When I posted about finding my Word for the Year at the beginning of January, a few friends from church commented on Facebook that they, too, choose words to direct their years. A group of us thought it might be fun to remind each other to reflect on our words over the course of the year, kind of holding ourselves accountable to the vision we were creating for 2016.
After I put out some feelers to a larger group of women, we ended up with 20 people interested in finding, exploring, and sticking with a meaningful word for the year!
Our plan is to meet four times over the course of 2016, while also communicating monthly via email. We will complete prompts and projects to keep us thinking about our words, and we will reflect on how "living" our words is affecting our lives in positive ways.
On Saturday morning, we had our first "official" Word for the Year meet-up, with eight women gathering at Media Presbyterian Church for several hours of fellowship, conversation, and activities surrounding our chosen words.
At our meet-up, I shared some of the ideas and information I had gathered from Ali Edwards' One Little Word site, which is a great place to begin if you are interested in finding out more about how choosing a Word for the Year can be a productive exercise.
Ali explains that the word we choose basically sums up what we want for ourselves over the course of the year; it represents what we want to invite into our lives. She specifies that we choose words that have meaning for us, and resist any temptation to choose words we think someone else might pressure us to select. Ali also emphasizes that there is no "perfect word," but rather "choices and paths and possibilities."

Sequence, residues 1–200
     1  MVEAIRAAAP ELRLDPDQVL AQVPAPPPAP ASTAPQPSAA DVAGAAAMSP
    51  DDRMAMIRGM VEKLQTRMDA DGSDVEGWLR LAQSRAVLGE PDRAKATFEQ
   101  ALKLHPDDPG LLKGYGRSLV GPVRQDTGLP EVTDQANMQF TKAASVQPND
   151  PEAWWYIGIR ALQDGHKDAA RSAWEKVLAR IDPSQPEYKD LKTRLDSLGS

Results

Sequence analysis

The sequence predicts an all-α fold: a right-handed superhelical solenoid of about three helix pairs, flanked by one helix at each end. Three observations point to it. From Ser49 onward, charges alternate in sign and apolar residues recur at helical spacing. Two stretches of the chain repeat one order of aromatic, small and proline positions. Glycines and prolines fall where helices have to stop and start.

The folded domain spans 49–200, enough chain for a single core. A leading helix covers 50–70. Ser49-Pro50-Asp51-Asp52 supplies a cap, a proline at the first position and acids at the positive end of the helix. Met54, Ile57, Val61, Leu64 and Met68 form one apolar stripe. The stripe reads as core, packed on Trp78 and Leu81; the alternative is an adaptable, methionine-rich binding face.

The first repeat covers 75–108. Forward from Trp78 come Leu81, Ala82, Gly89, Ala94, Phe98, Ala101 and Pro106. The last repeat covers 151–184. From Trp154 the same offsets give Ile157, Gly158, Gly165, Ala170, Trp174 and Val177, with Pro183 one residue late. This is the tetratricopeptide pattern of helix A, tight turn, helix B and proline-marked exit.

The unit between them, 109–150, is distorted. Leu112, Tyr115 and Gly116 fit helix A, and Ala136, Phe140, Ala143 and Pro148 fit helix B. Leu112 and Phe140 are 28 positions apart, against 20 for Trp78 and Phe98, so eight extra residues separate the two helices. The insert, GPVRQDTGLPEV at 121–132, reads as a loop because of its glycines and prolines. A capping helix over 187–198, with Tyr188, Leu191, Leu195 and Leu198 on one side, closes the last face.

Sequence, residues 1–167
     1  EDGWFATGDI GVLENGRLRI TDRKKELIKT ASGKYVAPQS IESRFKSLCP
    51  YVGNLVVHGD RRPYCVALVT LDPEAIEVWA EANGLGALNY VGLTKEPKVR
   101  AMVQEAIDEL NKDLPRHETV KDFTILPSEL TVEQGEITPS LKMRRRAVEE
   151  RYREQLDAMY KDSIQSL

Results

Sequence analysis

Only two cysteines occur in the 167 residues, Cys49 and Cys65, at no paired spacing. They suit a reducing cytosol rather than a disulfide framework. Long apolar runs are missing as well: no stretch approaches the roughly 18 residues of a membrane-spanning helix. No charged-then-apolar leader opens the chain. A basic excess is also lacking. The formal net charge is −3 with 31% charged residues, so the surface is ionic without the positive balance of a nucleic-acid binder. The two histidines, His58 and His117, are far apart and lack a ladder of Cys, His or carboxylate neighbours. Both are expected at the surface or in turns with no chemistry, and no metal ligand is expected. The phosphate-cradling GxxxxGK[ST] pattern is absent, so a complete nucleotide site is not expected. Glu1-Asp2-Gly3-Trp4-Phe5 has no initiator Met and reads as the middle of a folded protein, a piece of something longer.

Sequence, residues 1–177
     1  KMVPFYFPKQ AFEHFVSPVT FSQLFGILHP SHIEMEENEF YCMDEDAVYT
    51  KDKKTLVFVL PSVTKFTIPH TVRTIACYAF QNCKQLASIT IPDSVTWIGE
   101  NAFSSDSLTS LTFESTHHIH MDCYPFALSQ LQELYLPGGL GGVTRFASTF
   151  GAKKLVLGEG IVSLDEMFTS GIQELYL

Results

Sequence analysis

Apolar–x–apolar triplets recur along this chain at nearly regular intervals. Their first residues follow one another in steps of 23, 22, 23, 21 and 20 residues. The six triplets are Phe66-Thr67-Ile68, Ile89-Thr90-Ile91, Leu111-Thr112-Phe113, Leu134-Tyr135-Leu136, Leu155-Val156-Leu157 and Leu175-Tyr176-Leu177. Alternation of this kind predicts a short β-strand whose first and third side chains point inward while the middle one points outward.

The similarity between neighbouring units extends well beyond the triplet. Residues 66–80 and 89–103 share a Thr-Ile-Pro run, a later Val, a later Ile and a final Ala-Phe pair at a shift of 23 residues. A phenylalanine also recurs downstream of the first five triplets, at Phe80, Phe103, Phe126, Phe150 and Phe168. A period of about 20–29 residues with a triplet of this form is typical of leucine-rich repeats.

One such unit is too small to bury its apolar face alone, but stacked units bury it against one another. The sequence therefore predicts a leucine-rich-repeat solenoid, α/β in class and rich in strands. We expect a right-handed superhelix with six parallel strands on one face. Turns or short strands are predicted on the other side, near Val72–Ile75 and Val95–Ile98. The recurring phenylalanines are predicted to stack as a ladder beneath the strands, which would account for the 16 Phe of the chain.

For the rest of our meet-up, we engaged in activities that will help us stay connected with our words this year. First, we made old-school collages, using scissors, glue sticks, and a huge pile of magazines that participants brought along with them that morning.
Our collages included words and images that appealed to us and related to our selected words, though we had no obligation to justify or explain why we included them. If we wanted something on our collage, we added it!
As we worked, we each got our photo taken holding a sign with our word written large. Participants are encouraged to keep both their collages and their photos someplace meaningful for them: posted on an inspiration board, on the fridge, on a cabinet door or a mirror, in a drawer they can open for a quick peek, or in a notebook.